TOKYO (Kyodo) — Japan marked the fourth anniversary Wednesday of the 2011 earthquake and tsunami that devastated the country’s northeastern region, left more than 18,000 people dead or missing and triggered the continuing Fukushima nuclear crisis.
The anniversary came as reconstruction in the hard-hit prefectures of Iwate, Miyagi and Fukushima has not progressed as planned, with many evacuees still forced to live away from their hometowns amid the ongoing decommissioning work at the crippled Fukushima Daiichi nuclear power plant and decontamination work in Fukushima.
In the afternoon, a government-sponsored memorial service was held in Tokyo, attended by Emperor Akihito, Prime Minister Shinzo Abe and representatives of people who lost family members, with a moment of silence observed at 2:46 p.m., when the magnitude-9.0 quake occurred four years ago.
At the event, Abe pledged all-out efforts by the government to work out comprehensive disaster prevention measures based on the lessons learned from the 2011 calamity, saying, “We would like to push ahead with creating a country resilient to disasters.”
The emperor said, “It is important for Japanese people to stand together to overcome the still severe conditions for disaster victims.”
Representing people who lost their family members in Miyagi Prefecture, Sayaka Sugawara, 19, said, “I would like to live my life by looking forward so that I can regain what I lost in the disaster.”
In severe cold weather just like four years ago, local people also prayed for the victims.
In Rikuzentakata, Iwate Prefecture, a 68-year-old woman cleaned the graves of her mother, her elder brother and his wife, saying, “Someone may come to pray.”
“My sorrow deepens even more after the passage of time,” she said.
In Otsuchi in the prefecture, about 30 city government officials offered silent prayers for tsunami victims in front of the former city hall in which around 40 people including the mayor were killed. Part of the building is expected to be preserved as a disaster memorial.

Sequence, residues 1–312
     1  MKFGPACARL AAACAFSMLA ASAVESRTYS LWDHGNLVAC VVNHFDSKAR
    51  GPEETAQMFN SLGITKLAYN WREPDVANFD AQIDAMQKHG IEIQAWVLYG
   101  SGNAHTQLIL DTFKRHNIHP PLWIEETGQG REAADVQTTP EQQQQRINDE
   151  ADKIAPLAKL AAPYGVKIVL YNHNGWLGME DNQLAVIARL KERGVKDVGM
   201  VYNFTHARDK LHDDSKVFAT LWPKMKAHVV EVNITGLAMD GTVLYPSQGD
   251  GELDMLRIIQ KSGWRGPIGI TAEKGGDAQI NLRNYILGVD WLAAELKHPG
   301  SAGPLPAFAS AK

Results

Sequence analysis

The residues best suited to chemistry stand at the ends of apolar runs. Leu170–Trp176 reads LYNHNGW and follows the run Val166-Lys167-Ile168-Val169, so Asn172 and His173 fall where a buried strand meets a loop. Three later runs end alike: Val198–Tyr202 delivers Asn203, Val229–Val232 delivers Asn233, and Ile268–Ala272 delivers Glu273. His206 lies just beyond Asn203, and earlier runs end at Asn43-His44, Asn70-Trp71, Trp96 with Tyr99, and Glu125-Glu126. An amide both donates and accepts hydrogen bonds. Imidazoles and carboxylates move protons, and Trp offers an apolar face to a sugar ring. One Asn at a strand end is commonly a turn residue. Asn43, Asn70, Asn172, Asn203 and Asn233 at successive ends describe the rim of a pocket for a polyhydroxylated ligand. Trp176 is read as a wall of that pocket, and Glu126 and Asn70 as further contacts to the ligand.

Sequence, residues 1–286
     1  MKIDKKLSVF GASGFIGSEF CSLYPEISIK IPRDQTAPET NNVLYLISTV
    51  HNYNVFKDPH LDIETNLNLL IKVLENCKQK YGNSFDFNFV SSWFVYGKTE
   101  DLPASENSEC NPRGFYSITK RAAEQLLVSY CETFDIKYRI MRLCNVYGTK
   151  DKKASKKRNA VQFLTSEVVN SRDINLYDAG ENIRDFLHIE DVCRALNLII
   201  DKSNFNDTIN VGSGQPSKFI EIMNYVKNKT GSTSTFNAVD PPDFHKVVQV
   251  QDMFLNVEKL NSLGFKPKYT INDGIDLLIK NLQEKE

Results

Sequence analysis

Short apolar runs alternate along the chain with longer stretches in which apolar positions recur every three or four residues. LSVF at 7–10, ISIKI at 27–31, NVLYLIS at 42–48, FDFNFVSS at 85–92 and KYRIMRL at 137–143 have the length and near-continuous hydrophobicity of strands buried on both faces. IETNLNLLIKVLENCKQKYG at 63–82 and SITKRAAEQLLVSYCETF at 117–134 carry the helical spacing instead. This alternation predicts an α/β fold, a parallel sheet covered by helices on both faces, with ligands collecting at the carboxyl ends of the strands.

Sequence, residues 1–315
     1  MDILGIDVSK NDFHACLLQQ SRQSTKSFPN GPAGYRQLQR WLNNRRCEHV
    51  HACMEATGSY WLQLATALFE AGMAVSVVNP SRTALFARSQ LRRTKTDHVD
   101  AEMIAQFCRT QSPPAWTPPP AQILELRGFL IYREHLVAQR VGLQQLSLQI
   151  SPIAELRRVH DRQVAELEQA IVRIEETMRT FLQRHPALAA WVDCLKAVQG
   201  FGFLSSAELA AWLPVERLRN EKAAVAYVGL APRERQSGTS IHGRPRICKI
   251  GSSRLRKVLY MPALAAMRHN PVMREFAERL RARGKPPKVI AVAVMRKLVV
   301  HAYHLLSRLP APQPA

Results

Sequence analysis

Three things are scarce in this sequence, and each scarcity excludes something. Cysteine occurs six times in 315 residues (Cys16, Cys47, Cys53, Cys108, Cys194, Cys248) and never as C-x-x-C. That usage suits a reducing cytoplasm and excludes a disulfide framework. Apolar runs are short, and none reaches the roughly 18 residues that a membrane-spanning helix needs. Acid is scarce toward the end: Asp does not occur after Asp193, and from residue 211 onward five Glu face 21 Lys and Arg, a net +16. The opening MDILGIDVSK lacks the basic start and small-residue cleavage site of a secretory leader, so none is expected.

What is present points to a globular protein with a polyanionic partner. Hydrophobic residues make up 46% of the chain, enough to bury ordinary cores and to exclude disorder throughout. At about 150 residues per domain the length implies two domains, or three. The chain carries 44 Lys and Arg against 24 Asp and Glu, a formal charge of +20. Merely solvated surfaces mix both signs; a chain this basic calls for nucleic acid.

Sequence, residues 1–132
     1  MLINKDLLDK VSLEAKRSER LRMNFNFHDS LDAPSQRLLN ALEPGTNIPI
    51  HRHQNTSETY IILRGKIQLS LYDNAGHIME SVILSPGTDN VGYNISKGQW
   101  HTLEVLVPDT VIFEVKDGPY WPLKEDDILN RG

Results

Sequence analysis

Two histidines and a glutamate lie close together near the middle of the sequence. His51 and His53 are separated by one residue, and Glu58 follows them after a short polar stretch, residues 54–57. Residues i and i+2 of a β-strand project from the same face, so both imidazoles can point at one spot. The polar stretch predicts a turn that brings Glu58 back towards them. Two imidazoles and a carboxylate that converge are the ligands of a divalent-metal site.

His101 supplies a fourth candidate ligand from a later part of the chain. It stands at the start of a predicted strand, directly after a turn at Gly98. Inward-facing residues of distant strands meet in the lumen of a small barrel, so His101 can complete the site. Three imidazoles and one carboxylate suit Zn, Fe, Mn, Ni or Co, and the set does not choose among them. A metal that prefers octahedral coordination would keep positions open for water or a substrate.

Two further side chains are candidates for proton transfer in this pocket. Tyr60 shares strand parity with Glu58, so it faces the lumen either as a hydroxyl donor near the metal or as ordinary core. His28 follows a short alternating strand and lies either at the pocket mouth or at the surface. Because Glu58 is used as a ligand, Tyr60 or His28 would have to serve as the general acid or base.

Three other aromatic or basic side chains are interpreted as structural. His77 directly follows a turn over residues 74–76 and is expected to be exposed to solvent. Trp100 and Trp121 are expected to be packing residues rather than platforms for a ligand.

“I used to talk about our future with my colleagues. Standing now on the front line of reconstruction efforts, I wish they were still alive,” said Mayor Yutaka Ikarigawa.
In Wakabayashi Ward in Sendai, Miyagi Prefecture, residents prayed in front of a monument bearing 192 victims’ names.
The disaster “seems like a long time ago but it was also like only yesterday,” said Makiko Ito, a 39-year-old company employee mourning the loss of a colleague.
“It is hard recalling the bitter memories of the disaster. But I think today’s drill is important,” said Sachiko Kitamura, 79, who joined one in Miyako, Iwate Prefecture.
The temblor was one of the most powerful quakes on record in Japan, and the ensuing tsunami left 15,891 people dead and 2,584 unaccounted for, most in the three prefectures in the Tohoku region, according to the latest tally released by the National Police Agency on Tuesday.
Among the 228,863 people evacuated due to the multiple disasters, 47,219 Fukushima residents remained outside the prefecture as of Feb. 12 after being hit by the world’s worst nuclear accident since the 1986 Chernobyl nuclear crisis.
None of the nation’s 48 commercial nuclear reactors is active at the moment. Despite persistent safety concerns among the public, the Abe government is pushing toward bringing some of the reactors back online.
Four reactors — two at a plant in southwestern Japan and two at a plant in western Japan — have obtained safety clearance to restart under tighter regulations introduced after the Fukushima nuclear disaster.
The government has allocated a total of 26.30 trillion yen ($217 billion) for reconstruction work over the five-year period through March 2016, mainly for infrastructural improvement, including relocating communities to higher ground and building coastal levees.
But the reconstruction of residential areas remains slow due to a shortage of construction workers and higher construction material prices.
The number of people living in prefabricated makeshift housing complexes in Iwate, Miyagi and Fukushima prefectures at the end of February totaled 80,372.
The disasters have also taken a heavy toll on survivors, leaving some vulnerable to ill-health as they continue to live in temporary housing. Since the disasters, 3,244 of them have died due to infirmity, suicide and other causes.